Saturday, January 29, 2011

A walk in old Madrid

AOG, Madrid

I have this friend. I've not seen him for ages. Not since 2004. The 1st of October 2004 to be exact. The last time I saw him, I was in London. It is now 2011. And I am in Madrid, a city I am still learning about daily.

Today, for instance, I went for a walk around the Prado and Retiro Park area with my camera. 

It was a cloudy day, so the light was good on some shots, less so on others. I had gone to see, a couple of weeks ago, an exhibition at the Royal Palace which showed colonial and Spanish paintings from the XVI to the XVIII centuries.

The purpose of it is to show how the artists of the time spoke to each other in a way which transcended borders and geographical distances. Some of the paintings are amazing. And they are very interesting too in many ways. 

For example, the manner in which a print made in Holland was being reinterpreted in Lima, Peru, 150 years later by a local artist, who, in turn, was drawing on a Spanish master who also used the print as inspiration.

It is interesting to see how the European Renaissance and Reformation conception of the Christian God as understood by the artists of the time was being reinterpreted and redefined in the Americas and Asia. 

Of course, most of the paintings are religious. Virgins, saints, Jesus on the cross, miracles, cherubs, angels and archangels from all over the Christian pantheon.

The exhibition at the Royal Palace was very large, and the one at the Prado, less so. Maybe 3 rooms. It was held at the Moneo extension to the Prado. And, well, I think that they did not get their money's worth. The building is boring, staid. Not exactly interesting. 

At the top of the extension (a brick cube with some windows), there live the remains of the ancient Jeronimo's cloister and it is placed right next to the church of Los Jerónimos, which stands proudly behind and above the Prado Museum.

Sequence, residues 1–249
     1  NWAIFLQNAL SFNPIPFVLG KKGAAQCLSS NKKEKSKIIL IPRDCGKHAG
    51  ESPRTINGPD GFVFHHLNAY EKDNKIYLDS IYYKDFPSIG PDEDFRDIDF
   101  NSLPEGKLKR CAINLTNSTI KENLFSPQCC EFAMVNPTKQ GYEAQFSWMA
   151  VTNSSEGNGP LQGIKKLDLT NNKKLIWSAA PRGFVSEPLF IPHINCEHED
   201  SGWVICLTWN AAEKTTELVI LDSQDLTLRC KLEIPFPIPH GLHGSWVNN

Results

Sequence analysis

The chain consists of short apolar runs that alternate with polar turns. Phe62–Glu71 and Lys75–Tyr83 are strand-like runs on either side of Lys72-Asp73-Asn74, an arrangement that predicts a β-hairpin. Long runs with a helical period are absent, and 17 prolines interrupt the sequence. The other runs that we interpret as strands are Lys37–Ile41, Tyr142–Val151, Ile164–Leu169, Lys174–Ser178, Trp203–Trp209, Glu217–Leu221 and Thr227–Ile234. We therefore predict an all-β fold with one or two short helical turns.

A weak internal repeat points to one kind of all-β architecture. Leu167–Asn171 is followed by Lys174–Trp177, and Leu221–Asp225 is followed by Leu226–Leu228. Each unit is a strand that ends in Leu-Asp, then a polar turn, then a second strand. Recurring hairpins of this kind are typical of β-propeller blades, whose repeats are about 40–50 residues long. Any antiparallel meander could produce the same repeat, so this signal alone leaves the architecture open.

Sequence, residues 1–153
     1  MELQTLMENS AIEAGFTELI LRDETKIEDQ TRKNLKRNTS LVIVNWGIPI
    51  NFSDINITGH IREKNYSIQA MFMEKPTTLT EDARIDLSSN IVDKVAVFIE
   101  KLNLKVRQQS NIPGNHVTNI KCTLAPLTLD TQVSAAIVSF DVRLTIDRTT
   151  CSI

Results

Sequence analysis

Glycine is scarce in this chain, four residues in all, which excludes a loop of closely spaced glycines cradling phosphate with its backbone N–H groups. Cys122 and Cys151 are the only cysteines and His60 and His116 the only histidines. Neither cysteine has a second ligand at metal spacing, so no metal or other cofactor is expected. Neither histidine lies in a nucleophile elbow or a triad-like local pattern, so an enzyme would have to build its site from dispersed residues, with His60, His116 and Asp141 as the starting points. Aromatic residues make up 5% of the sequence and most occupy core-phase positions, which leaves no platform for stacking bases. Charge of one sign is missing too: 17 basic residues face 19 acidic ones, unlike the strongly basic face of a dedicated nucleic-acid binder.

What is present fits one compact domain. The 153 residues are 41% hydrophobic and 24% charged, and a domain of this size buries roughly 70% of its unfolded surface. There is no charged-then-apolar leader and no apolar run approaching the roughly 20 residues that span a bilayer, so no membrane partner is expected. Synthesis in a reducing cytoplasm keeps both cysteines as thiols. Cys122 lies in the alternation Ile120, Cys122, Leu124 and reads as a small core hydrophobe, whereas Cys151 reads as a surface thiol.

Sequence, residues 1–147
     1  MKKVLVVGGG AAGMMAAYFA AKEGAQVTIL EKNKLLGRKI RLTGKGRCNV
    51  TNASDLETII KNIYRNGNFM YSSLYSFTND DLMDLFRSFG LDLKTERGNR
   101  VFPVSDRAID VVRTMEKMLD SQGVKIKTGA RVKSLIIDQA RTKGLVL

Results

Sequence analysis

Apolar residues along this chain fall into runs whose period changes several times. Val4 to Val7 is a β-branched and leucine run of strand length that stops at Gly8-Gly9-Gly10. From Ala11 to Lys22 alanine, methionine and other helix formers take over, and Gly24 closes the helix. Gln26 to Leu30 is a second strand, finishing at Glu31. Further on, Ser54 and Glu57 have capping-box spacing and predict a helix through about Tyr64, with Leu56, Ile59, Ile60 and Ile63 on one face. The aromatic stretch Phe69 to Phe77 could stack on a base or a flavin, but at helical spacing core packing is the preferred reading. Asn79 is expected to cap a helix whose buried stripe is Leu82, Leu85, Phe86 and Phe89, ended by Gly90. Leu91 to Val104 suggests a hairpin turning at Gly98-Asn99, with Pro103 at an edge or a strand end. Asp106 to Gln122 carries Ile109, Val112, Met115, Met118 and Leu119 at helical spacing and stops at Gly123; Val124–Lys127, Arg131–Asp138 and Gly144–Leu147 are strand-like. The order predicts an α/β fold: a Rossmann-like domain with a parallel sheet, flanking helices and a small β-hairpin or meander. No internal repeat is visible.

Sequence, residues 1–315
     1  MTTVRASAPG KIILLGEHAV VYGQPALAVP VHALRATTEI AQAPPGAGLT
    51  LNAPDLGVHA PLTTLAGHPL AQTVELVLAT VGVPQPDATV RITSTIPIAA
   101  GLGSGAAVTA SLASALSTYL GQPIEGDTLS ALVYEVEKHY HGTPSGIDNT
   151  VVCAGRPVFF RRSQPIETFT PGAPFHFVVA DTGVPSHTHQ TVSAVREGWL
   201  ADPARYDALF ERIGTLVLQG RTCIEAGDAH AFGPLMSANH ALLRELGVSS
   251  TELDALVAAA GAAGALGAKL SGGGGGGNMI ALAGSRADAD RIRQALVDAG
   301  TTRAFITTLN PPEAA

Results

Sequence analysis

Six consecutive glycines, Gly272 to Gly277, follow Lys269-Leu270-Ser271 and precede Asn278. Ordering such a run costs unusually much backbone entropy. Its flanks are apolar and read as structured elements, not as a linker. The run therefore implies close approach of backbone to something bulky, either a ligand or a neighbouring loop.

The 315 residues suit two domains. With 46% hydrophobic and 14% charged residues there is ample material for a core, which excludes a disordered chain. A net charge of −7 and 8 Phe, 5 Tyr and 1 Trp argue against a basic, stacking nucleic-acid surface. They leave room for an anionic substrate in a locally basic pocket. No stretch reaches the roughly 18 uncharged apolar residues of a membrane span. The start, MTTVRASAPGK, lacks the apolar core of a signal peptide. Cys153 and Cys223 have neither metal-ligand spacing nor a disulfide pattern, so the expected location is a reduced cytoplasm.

The problem with the cloister, in my view, is that it is now a dead space, condemned to remain so eternally -or at least for as long as the Prado's extension exists-. 

It is in a room, under a roof, and protected from the elements by windows. The thing is, it stands at the top of the cube, as if suspended in midair. This is not how it was originally. But it is how it exists now. 

A museum piece which is being preserved because of the beauty of the architectural ensemble, but which is actually designed to be used, like any cloister anywhere else in Europe.

On my way home, I, as I normally do, took some photographs of the buildings surrounding me, and I began my internal dialogue with the usual thought: "How would he like this?" "Would he like this building? That one?" and I begin to imagine my telling him the story of this square, that palace, this museum, that street, all the time wondering what an American would make of an old city such as Madrid. 

Of its curving, uphill streets, of churches built on 70º slopes which face only buildings in front, and which have hardly any visual perspective. 

Of Renaissance palaces turned into hotels, and convents stuck in the middle of a commercial street, with all their treasures inside. 

Of those buildings in Madrid which are Art Deco, or mimick the best that 1920s new York and 1880s Paris had to offer because for a while, being modern meant being French, and then it meant being American.